We are living through a historic period in financial markets. The price movements of cryptocurrencies over the past few months will be studied for centuries. June letter will follow shortly (we were roughly flat) but prices are moving so fast in cryptocoins that I want to get thoughts on paper before they become obsolete.
The combined ‘market cap’ of cryptos rushed from $29 billion in early April to over $114 billion a month later. It’s rare to see $100 billion of value created so rapidly. Ethereum alone jumped from less than $1 billion in February to $36 billion in June.
The crypto complex is now large enough now to move far larger markets. The market cap peaked around the same time as tech stocks last month, and matched speculative stocks like Tesla movement for movement.
Bitcoin and Ethereum, the two leaders, have about half a billion USD volume every day. The same friends asking what stocks to buy are dipping their toes into their first cryptocoin purchases.
The mathematics behind cryptocoins is startling and elegant. I highly recommend learning what hashes are and how they underpin a distributed trustless medium of exchange. Bitcoin’s solutions to problems such as double spend are surprising and impressive.
I’ve wrote long ago (cryptocoins and bubblecrap and thriving hive when bitcoin was a wee $200) about the impracticalities of bitcoin. It now costs perhaps $4 to process a single transaction, which can take up to ten minutes. An enormous amount of computing power and electricity is wasted solving the arbitrarily difficult problems at the core of the currency, and distributed ledgers will always consume more time and energy than a single ledger. This is depressing.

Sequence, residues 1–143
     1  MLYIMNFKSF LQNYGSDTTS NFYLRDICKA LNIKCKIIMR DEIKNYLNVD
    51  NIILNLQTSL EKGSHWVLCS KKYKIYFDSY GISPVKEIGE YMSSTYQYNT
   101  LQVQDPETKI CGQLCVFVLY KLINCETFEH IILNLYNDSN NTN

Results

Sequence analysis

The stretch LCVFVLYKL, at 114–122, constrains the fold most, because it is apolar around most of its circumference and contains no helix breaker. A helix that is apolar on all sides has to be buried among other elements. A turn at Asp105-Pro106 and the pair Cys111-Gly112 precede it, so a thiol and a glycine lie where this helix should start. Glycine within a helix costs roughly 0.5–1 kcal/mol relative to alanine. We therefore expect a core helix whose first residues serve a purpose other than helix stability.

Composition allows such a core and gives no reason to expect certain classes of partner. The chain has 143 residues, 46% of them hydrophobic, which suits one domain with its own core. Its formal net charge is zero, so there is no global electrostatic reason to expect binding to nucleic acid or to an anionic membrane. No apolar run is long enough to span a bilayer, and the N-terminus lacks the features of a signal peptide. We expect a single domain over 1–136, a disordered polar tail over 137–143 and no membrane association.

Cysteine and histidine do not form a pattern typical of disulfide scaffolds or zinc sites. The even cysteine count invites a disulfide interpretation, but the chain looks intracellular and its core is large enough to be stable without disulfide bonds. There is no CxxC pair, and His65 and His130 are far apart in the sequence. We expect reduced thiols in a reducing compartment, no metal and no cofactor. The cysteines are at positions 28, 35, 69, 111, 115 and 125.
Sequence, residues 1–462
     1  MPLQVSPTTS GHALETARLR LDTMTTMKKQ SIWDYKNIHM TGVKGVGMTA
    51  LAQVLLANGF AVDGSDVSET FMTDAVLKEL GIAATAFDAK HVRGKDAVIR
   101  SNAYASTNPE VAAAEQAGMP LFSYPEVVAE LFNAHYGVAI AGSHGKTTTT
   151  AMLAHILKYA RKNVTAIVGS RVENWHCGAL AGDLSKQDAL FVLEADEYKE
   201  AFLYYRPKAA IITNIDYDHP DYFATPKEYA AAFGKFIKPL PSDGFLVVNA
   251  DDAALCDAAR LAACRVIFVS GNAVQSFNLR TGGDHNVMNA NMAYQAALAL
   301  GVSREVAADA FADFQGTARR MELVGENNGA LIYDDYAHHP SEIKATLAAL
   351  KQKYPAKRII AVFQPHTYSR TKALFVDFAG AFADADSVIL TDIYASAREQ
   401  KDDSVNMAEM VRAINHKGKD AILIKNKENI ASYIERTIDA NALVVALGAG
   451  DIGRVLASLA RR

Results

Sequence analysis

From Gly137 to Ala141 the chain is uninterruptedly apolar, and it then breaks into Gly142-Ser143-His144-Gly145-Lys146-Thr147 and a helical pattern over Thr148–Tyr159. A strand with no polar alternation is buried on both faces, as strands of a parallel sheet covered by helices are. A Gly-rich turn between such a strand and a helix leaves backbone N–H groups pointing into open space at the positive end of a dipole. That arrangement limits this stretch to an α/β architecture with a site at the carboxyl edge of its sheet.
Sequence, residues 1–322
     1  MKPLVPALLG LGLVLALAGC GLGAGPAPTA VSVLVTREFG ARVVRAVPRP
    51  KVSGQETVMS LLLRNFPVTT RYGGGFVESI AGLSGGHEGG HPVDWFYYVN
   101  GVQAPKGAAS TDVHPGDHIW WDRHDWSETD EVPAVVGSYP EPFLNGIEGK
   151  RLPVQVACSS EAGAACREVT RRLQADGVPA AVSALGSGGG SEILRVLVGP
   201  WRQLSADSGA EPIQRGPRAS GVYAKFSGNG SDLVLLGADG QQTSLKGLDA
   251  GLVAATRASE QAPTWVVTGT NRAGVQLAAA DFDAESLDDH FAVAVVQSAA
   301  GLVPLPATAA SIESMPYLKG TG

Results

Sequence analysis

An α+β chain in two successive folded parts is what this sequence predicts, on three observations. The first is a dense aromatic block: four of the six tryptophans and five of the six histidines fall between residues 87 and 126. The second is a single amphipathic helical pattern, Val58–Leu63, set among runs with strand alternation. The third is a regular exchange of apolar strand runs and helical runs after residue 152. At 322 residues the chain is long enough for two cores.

The computing power applied to bitcoin could have been directed to science and dramatically advanced our understanding of, say, protein folding and drug design. The capacity directed towards bitcoin mining is totally wasted.
Moreover, holding and transferring bitcoin exposes you to a rats nest of hackers, thieves and criminal states. You invariably end up using third party wallets, which are perfect targets for attack or theft. Often enough the owners of wallets, taking a look at all the bitcoin in their merged accounts, decide to run off with the loot themselves and expedite the process. The odds of minting coin on the speculative side AND walking away with real currency are low.
These flaws are well known. So where are these movements coming from? Is there any substance here, or just speculative froth?
It’s reassuring to discover that something as new, mysterious and frankly surprising as crypto can be analysed through the familiar lens of supply and demand.
There are four clear drivers of sustainable demand (let me know if you think of others): criminals, mafia states, citizens in dodgy countries and true believers.
1. First and foremost, the criminals.